- Unless you have a lot of data, you should stick to simple models. Machine learning trains a model from patterns in your data, exploring a space of possible models defined by parameters. If your parameter space is too big, you’ll overfit to your training data and train a model that doesn’t generalize beyond it. A detailed explanation requires more math, but as a rule, you should keep your models as simple as possible.
- Machine learning can only be as good as the data you use to train it. The phrase “garbage in, garbage out” predates machine learning, but it aptly characterizes a key limitation of machine learning. Machine learning can only discover patterns that are present in your training data. For supervised machine learning tasks like classification, you’ll need a robust collection of correctly labeled, richly featured training data.
- Machine learning only works if your training data is representative. Just as a fund prospectus warns that “past performance is no guarantee of future results”, machine learning should warn that it’s only guaranteed to work for data generated by the same distribution that generated its training data. Be vigilant of skews between training data and production data, and retrain your models frequently so they don’t become stale.
- Most of the hard work for machine learning is data transformation. From reading the hype about new machine learning techniques, you might think that machine learning is mostly about selecting and tuning algorithms. The reality is more prosaic: most of your time and effort goes into data cleansing and feature engineering — that is, transforming raw features into features that better represent the signal in your data.
- Deep learning is a revolutionary advance, but it isn’t a magic bullet. Deep learning has earned its hype by delivering advances across a broad range of machine learning application areas. Moreover, deep learning automates some of the work traditionally performed through feature engineering, especially for image and video data. But deep learning isn’t a silver bullet. You can’t just use it out of the box, and you’ll still need to invest significant effort in data cleansing and transformation.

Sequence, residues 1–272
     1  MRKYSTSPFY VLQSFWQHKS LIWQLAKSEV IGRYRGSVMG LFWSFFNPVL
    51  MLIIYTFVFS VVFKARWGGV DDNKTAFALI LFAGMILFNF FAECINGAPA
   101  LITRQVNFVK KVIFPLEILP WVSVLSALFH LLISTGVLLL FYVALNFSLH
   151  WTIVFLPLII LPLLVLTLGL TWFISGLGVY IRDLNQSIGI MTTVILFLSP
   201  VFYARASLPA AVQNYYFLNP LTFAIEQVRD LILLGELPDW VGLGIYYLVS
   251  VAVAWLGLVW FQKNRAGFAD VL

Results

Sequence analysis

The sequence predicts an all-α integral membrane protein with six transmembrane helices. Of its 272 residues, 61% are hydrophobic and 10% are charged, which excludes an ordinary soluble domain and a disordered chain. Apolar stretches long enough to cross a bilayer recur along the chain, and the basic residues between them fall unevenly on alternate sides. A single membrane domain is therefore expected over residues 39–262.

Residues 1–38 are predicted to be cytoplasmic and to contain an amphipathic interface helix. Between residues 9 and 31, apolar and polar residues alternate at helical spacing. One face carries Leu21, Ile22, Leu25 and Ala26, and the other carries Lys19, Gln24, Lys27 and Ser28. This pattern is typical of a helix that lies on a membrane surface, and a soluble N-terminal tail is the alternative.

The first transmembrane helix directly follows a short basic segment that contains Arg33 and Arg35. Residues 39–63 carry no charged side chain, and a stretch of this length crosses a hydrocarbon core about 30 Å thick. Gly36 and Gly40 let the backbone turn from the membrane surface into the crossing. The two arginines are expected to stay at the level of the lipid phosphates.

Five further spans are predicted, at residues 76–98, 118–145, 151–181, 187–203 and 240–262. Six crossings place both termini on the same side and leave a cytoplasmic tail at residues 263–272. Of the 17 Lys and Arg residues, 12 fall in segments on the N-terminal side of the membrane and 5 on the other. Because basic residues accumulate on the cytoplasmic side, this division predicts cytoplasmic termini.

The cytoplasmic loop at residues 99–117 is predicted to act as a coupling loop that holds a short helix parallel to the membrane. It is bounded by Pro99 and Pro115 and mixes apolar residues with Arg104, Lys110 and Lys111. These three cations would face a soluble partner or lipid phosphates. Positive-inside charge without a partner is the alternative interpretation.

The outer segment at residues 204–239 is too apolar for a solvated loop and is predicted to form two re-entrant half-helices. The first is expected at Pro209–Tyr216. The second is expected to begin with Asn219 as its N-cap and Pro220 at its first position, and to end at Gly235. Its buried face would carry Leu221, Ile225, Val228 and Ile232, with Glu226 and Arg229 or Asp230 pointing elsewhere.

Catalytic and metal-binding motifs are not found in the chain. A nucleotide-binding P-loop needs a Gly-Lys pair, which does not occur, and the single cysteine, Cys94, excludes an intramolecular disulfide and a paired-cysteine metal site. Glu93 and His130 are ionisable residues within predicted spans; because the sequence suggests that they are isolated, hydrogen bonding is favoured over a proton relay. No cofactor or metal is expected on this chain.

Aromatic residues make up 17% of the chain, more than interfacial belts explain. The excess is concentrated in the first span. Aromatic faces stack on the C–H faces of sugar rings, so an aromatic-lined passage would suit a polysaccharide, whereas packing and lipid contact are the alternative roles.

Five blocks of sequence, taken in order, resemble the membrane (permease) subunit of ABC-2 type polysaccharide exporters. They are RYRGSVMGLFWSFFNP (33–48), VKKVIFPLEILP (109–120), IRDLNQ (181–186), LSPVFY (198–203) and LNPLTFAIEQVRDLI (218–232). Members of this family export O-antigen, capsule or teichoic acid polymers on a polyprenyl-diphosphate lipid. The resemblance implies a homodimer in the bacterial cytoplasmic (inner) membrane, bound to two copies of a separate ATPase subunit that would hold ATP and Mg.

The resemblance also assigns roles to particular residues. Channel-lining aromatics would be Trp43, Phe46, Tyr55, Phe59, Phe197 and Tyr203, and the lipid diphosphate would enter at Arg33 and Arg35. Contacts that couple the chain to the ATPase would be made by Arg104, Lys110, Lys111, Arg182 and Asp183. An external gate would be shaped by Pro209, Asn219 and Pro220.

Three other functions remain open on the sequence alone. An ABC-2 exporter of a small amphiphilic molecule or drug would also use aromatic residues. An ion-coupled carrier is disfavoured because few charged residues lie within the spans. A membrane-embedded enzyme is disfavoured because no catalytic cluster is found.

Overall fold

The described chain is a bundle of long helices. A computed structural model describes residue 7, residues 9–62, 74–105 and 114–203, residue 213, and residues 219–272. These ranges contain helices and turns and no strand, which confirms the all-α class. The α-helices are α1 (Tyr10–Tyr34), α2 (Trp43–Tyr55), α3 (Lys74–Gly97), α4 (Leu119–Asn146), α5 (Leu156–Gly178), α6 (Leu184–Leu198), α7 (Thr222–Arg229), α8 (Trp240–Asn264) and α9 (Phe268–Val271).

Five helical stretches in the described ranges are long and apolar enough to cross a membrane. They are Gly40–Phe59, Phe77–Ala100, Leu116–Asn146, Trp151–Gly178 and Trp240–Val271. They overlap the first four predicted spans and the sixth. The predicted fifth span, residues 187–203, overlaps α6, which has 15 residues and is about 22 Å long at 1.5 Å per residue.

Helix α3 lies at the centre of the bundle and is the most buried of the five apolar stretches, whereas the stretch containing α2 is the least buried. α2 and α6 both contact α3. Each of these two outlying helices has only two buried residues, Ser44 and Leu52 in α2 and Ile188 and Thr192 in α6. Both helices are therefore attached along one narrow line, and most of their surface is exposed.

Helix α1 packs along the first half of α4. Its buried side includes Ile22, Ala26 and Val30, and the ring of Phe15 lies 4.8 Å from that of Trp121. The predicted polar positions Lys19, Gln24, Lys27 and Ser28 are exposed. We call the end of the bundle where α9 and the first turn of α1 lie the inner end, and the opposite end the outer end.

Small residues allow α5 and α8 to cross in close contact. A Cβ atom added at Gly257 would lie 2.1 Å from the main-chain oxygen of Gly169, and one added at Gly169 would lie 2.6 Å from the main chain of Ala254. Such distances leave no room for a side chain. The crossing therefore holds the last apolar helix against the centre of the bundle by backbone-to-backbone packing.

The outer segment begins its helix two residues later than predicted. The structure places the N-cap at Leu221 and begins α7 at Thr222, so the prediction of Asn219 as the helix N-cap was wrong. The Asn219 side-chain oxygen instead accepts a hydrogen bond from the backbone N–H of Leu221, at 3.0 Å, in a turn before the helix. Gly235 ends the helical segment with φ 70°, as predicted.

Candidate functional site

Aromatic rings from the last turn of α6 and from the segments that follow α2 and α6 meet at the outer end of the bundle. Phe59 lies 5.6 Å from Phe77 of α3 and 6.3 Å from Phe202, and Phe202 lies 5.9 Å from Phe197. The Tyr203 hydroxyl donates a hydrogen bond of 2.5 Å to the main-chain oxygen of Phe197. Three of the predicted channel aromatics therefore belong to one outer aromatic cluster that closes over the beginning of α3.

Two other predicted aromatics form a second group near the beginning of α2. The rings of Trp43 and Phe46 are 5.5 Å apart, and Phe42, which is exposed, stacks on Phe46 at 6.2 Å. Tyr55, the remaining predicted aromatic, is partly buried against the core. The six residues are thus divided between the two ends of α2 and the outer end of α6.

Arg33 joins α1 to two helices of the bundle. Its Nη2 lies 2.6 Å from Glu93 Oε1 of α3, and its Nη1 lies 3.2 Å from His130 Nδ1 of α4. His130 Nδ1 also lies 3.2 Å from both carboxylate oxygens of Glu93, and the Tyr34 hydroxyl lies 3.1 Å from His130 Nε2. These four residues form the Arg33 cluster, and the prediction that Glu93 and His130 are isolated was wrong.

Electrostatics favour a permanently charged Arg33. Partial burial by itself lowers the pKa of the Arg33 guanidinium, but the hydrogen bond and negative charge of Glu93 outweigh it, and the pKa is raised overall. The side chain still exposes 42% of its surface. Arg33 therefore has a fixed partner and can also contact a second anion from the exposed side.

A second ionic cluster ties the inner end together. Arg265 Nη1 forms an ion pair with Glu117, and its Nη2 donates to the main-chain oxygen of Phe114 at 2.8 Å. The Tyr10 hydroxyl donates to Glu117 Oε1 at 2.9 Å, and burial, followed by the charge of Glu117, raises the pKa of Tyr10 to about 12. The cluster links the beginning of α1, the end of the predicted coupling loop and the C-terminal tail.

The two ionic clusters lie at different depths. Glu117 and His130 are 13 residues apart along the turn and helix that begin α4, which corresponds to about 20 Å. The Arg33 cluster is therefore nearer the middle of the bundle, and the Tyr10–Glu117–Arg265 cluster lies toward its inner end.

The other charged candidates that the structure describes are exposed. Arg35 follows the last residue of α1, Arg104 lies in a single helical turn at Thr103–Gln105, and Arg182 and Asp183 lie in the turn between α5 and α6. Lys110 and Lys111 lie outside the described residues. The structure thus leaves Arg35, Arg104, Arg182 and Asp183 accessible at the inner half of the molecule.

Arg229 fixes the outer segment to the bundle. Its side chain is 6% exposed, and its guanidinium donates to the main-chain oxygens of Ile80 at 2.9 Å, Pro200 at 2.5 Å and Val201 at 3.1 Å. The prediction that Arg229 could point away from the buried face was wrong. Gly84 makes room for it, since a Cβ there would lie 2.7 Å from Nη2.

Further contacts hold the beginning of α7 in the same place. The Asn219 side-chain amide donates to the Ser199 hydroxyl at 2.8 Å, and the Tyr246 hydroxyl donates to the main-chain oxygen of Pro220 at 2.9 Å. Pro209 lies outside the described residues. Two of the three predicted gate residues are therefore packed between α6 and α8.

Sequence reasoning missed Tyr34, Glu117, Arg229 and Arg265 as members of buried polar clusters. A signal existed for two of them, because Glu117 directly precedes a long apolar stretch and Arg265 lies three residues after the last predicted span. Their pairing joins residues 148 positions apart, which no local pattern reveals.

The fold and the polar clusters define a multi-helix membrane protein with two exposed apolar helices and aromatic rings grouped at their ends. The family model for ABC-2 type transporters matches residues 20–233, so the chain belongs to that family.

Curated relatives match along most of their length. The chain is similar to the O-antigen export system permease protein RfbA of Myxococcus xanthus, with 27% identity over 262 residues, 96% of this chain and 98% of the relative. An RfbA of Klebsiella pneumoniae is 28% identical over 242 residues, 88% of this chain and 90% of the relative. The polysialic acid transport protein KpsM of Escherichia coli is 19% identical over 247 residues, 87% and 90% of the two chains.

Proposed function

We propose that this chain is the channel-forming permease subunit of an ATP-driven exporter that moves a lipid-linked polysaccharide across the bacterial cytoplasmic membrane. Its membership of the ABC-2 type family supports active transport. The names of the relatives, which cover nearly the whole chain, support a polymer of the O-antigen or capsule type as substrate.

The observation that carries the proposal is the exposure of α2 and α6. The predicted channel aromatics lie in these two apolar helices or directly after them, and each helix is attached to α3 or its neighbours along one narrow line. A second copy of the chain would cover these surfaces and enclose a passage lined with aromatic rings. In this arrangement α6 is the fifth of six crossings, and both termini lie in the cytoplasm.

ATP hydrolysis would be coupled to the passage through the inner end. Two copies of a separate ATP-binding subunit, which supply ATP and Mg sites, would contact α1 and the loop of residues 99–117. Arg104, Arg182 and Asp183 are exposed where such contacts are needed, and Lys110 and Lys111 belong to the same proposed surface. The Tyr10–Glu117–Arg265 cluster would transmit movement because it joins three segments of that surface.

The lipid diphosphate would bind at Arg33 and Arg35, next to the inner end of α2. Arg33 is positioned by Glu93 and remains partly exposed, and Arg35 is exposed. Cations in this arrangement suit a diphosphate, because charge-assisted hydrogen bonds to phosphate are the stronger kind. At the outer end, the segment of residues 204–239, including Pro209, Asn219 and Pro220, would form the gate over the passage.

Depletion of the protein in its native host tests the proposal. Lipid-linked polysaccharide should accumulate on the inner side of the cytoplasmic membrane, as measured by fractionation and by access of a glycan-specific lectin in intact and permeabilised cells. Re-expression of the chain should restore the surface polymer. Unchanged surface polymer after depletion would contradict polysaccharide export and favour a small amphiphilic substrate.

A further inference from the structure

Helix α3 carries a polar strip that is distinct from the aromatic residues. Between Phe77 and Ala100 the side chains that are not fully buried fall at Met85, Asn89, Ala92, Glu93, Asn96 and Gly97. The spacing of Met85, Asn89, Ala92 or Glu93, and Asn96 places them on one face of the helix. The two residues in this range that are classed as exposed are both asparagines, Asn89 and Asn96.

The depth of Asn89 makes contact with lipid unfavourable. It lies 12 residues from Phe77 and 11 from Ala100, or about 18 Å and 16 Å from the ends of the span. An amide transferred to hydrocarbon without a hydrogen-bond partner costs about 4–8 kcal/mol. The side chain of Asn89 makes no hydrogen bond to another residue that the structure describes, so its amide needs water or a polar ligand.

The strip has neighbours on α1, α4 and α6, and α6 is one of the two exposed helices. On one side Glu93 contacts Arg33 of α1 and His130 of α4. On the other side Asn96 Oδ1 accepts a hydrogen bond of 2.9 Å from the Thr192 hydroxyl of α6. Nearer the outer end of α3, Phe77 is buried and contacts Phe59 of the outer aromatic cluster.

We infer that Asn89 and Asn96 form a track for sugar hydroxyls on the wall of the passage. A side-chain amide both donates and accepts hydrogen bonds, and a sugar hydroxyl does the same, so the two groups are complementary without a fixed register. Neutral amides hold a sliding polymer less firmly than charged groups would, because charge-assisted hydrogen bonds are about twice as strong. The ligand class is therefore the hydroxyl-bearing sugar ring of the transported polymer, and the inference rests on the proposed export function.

- Machine learning systems are highly vulnerable to operator error. With apologies to the NRA, “Machine learning algorithms don’t kill people; people kill people.” When machine learning systems fail, it’s rarely because of problems with the machine learning algorithm. More likely, you’ve introduced human error into the training data, creating bias or some other systematic error. Always be skeptical, and approach machine learning with the discipline you apply to software engineering.
- Machine learning can inadvertently create a self-fulfilling prophecy. In many applications of machine learning, the decisions you make today affect the training data you collect tomorrow. Once your machine learning system embeds biases into its model, it can continue generating new training data that reinforces those biases. And some biases can ruin people’s lives. Be responsible: don’t create self-fulfilling prophecies.
- AI is not going to become self-aware, rise up, and destroy humanity. A surprising number of people (cough) seem to be getting their ideas about artificial intelligence from science fiction movies. We should be inspired by science fiction, but not so credulous that we mistake it for reality. There are enough real and present dangers to worry about, from consciously evil human beings to unconsciously biased machine learning models. So you can stop worrying about SkyNet and “superintelligence”.
There’s far more to machine learning than I can explain in a top-10 list. But hopefully, this serves as a useful introduction for non-experts.
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AI (artificial intelligence)